history

Army recruits in Seattle being fitted for uniforms after the Pearl Harbor attack, 1941.
Courtesy of MOHAI, Seattle P-I Collection, PI28235

David Hyde speaks with local historian and radio producer Feliks Banel about the reaction of the Pearl Harbor attack in Seattle and the lasting impact it left on the city. 

Pacific Ocean from across the straights.
KUOW Photo/Kara McDermott

In 1520, explorer Ferdinand Magellan called it “peaceful.” At more than 60 million square miles, the Pacific Ocean covers 30 percent of the earth’s surface -- an area larger than the landmass of all the continents combined. It is our planet’s largest and deepest ocean basin, and it has stories to tell. So, where to begin?

Author Simon Winchester sees many good starting points. His new book is “Pacific: Silicon Chips and Surfboards, Coral Reefs and Atom Bombs, Brutal Dictators, Fading Empires, and the Coming Collision of the World's Superpowers.”

In January 1945, in a German POW camp, a U.S. soldier named Roddie Edmonds defied the threat of death to protect the Jewish troops under his command.

Seventy years later, he's being recognized for his valor.

It's the first time a U.S. soldier has been named Righteous Among the Nations, an honor from Israel's Holocaust remembrance and research center reserved for non-Jews who risked their lives to save Jews during the Holocaust.

Rosa Parks on a Montgomery bus on December 21, 1956, the day Montgomery's public transportation system was legally integrated.
Wikipedia Photo

Bill Radke talks to Carla Saulter, writer of the blog Bus Chick, about how Rosa Parks' legacy has impacted her life. 

Despite what you read in some history books — such as the Biographical Dictionary of Congressional Women — Rep.

Sixty years ago Tuesday, Rosa Parks was arrested for refusing to give her seat to a white passenger on a bus in Montgomery, Ala. A police officer made the arrest that set off the modern civil rights movement. Today police recruits in Alabama's capital city are being schooled in that history in a course designed to eliminate bias in policing.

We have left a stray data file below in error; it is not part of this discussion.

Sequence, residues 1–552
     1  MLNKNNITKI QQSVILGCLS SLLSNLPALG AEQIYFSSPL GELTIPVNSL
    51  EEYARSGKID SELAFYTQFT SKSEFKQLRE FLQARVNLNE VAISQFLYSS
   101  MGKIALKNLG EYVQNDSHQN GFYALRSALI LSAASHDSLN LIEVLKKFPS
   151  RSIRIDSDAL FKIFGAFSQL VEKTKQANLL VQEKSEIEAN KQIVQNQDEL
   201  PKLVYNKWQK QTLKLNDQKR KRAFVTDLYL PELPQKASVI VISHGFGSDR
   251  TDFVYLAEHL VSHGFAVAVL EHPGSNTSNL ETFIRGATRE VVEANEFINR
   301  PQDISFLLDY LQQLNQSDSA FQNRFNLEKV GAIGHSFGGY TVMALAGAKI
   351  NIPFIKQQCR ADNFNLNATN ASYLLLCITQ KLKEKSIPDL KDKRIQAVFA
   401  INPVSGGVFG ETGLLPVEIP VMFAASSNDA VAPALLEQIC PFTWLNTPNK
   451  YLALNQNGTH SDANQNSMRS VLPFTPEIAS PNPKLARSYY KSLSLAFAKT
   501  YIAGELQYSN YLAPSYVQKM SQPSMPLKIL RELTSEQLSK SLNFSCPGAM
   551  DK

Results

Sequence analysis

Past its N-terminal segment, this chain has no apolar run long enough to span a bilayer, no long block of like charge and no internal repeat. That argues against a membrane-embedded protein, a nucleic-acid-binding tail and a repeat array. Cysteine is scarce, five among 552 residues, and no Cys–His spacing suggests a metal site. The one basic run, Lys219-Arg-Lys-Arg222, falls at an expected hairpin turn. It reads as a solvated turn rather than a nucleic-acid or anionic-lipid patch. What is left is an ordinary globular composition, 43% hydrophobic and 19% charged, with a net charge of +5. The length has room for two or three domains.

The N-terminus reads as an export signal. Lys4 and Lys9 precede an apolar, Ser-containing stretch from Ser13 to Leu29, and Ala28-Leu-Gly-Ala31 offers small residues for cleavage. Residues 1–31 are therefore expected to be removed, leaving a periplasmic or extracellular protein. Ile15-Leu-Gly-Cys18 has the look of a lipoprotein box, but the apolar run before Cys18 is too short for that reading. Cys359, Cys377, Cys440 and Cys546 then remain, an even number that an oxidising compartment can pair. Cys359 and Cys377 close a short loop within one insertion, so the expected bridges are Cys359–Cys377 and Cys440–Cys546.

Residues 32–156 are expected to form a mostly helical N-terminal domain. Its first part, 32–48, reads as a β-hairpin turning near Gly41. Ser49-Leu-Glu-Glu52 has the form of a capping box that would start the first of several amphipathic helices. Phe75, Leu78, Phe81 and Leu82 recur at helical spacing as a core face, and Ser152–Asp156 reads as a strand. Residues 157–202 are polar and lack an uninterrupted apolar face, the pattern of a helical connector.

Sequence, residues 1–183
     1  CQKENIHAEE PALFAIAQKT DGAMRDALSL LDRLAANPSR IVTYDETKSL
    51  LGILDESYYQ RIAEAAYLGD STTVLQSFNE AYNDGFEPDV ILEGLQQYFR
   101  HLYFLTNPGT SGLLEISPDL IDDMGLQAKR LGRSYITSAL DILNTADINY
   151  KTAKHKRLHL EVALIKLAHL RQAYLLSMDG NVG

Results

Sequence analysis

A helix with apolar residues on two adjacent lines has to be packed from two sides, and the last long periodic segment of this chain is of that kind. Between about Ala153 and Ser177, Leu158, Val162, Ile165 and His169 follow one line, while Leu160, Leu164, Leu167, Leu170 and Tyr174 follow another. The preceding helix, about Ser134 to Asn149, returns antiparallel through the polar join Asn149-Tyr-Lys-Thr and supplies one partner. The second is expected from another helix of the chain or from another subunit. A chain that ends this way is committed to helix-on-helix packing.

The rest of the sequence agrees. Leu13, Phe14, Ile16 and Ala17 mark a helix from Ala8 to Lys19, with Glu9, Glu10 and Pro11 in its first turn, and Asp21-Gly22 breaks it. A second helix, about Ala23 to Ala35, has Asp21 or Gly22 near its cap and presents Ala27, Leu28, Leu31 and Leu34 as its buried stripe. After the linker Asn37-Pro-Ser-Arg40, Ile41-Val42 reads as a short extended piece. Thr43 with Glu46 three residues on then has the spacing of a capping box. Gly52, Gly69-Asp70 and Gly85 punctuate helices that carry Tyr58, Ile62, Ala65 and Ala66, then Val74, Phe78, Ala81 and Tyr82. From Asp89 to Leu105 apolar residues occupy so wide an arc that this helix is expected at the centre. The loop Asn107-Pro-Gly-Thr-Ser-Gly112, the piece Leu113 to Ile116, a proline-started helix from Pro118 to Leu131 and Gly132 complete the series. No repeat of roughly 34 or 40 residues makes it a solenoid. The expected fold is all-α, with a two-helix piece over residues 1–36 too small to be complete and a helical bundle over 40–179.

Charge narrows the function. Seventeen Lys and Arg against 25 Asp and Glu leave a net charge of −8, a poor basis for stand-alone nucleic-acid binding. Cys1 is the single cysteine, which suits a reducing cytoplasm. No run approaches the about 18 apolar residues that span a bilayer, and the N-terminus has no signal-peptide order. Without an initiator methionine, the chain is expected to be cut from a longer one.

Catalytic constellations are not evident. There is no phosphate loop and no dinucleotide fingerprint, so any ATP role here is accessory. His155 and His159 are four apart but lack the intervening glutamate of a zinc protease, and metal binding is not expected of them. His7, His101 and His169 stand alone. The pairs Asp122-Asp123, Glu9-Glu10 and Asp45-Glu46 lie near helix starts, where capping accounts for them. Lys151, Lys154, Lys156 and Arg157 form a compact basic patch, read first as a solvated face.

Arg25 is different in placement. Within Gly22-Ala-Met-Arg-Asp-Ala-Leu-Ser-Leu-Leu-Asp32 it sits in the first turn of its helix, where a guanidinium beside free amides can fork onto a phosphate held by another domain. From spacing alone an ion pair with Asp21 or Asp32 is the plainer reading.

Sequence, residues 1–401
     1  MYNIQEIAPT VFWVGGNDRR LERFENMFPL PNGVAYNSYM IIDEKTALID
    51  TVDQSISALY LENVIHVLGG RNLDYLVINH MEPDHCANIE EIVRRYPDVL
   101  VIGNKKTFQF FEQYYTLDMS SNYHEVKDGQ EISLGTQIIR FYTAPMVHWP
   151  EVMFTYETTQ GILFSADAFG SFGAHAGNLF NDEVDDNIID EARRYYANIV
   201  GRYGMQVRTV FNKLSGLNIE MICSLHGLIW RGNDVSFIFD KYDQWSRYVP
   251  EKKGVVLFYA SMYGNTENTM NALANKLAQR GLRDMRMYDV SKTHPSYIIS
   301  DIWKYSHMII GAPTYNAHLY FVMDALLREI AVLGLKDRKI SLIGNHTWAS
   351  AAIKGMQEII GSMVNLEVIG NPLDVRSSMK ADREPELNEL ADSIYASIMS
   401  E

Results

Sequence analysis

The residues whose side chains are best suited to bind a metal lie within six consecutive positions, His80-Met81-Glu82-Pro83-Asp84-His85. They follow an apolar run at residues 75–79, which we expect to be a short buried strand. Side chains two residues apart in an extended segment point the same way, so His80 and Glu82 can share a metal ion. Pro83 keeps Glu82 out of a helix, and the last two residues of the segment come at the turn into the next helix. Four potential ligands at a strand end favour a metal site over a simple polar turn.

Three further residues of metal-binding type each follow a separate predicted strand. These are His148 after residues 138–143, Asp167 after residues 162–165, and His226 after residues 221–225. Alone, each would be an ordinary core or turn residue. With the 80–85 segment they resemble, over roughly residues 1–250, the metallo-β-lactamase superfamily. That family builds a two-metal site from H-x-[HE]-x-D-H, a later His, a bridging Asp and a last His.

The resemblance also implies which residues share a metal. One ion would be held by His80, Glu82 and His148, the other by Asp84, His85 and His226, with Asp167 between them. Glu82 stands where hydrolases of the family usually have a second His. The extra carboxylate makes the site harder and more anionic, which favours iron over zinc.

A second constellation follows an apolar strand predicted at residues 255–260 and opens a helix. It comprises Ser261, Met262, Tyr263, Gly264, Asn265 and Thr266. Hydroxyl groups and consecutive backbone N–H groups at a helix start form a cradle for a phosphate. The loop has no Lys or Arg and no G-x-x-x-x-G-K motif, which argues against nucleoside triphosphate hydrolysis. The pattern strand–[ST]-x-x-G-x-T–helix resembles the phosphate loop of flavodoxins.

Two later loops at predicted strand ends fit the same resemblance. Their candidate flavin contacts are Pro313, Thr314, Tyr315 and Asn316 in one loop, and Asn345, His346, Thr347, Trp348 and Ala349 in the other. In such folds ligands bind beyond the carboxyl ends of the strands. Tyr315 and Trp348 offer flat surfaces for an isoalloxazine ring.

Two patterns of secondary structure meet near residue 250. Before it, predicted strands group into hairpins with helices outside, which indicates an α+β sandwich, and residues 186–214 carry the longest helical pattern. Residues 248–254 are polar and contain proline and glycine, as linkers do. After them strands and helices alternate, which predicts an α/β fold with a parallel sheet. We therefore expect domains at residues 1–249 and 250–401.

The Pilgrims are among the early heroes of American history, celebrated every Thanksgiving for their perseverance in the New World against great odds.

To Christian conservatives, they are role models for another reason as well: They were deeply committed to their Christian faith and not afraid to say so.

In the Mayflower Compact, the governing document signed shortly before the Pilgrims disembarked in Massachusetts' Provincetown Harbor, Pilgrim leaders said they undertook their voyage across the Atlantic "for the glory of God and the advancement of the Christian faith."

Washington and Lafayette at Mount Vernon, 1784, by Thomas Prichard Rossiter and Louis Rémy Mignot.
Public Domain

In 1777 Marie-Joseph Paul Yves Roch Gilbert du Motier de Lafayette was a French aristocrat looking for military glory. Since the French weren’t at war, the 19-year-old crossed the Atlantic to join George Washington and other American revolutionaries in their fight with the British.

That’s where Sarah Vowell comes in.

A photographer from Wenatchee, Washington, has made a revealing discovery at the scene of a remote and long-abandoned fire lookout: a pile of very old firewood.

A portrait of composer Claude Debussy painted by Marcel  Baschet, 1884.
Public Domain

Pop music has always  borrowed liberally from classical themes: think Al Jolson’s 1920 hit “Avalon” lifting Puccini’s opera “Tosca,” 1970s disco sensation "A Fifth of Beethoven” or Vitamin C’s more modern sampling of Pachelbel’s “Canon in D Major.”

But it's a two-way street! In fact, the first borrowing might have taken place on the classical side.  

A fragment of the collapsed bridge, in the Washington State History Museum, Tacoma, Washington.
Wikipedia Photo/Joe Mabel (CC BY SA)/http://bit.ly/1NUPhz7

David Hyde speaks with journalist and local historian Feliks Banel  about the Tacoma Narrows bridge collapse on Nov. 7, 1940.  

Seattle Public Library central branch, 1914 (not the first iteration - that was in 1898 on the fifth floor of the Occidental Building in Pioneer Square).
Flickr Photo/Seattle Municipal Archives (CC BY 2.0)/http://bit.ly/1WDlL39

David Hyde travels back in time through the magic of radio with writer Knute Berger to the site of Seattle's first library.  

Cape Flattery on Washington's coast.
Flickr Photo/ravas51 (CC BY SA 2.0)/http://bit.ly/1k8ROw2

Kim Malcolm talks to Dr. Kirk Johnson, sant director of the Smithsonian Institution's National Museum of Natural History, about the geological wonders of the West Coast and his new NOVA special "Making North America." 

Graphic courtesy UW Special Collections

Before Move Seattle and Bridging the Gap, there was Forward Thrust. Fifty years ago this week civic leader Jim Ellis introduced Forward Thrust at a rotary luncheon at the Olympic Hotel. Forward Thrust was the name for a huge package of infrastructure improvements and for a countywide political campaign Ellis envisioned to get them paid for.

Geochemist Frannie Smith would like to see more girls get into science like she did. Women make up only about 25 percent of geoscientists in the U.S. and only a quarter of all the scientists or engineers at the Pacific Northwest National Lab in Washington state are female.

Pages